Overriding

Overriding a function is no different than redefining one(which is the approach we have been using until now). An overridden function in a derived class has the same signature as the function it overrides in its base class. If we do not declare the base-class function as virtual, we can redefine that function. By contrast, if we declare the base-class function as virtual, we can override that function. We declare a virtual function by preceding the function’s prototype with the keyword virtual in the base class. For example,

   virtual void draw() const;

When a derived class chooses not to override a virtual function from its base class, the derived class simply inherits its base class virtual function implementation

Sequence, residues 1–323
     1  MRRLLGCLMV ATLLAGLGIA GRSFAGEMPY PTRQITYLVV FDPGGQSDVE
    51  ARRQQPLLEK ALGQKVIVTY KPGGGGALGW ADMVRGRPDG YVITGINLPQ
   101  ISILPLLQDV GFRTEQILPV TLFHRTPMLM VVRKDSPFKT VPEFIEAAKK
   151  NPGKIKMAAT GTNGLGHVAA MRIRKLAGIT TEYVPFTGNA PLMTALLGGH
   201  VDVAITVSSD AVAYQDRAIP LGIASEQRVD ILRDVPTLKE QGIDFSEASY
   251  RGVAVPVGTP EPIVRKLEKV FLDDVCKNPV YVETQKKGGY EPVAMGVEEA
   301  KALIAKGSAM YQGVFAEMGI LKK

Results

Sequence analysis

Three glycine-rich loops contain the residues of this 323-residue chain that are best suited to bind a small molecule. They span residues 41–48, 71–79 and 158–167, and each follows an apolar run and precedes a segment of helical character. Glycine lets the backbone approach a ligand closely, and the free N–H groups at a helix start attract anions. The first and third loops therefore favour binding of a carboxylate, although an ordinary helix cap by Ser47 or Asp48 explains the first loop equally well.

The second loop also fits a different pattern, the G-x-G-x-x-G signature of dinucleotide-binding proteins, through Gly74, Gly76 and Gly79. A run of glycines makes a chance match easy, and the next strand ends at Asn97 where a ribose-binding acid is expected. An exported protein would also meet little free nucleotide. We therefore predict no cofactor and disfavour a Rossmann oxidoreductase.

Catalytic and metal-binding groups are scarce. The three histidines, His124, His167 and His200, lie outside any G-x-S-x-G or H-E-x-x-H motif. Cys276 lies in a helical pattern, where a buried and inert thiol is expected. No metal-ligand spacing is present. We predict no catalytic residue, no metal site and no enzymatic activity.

Once a function is declared virtual, it remains virtual all the way down the inheritance hierarchy from that point, even if that function is not explicitly declared virtual when a class overrides it.

The virtual function has an implementation and gives the derived class the option of overriding the function

We aimed a base-class Point pointer at a derived-class Circle object, then invoked a member function print through that pointer. Recall that the data type of the handle determined which class’s functionality to invoke. In that case, the Point pointer invoked Point member function print on the Circle, despite the fact that the pointer was aimed at a Circle that has its own proper print function. Now, with virtual functions, the type of the object being pointed to, not the type of the handle, determines which version of a virtual function to invoke.

class Animal
 {
public:
void show()
{
cout << "This is Animal class";
 }
 };
class Tiger:public Animal
{
public:
void show()
 { 
cout << "This is Tiger class";
}
} 

OUTPUT:

This is Animal class
This is Tiger class  

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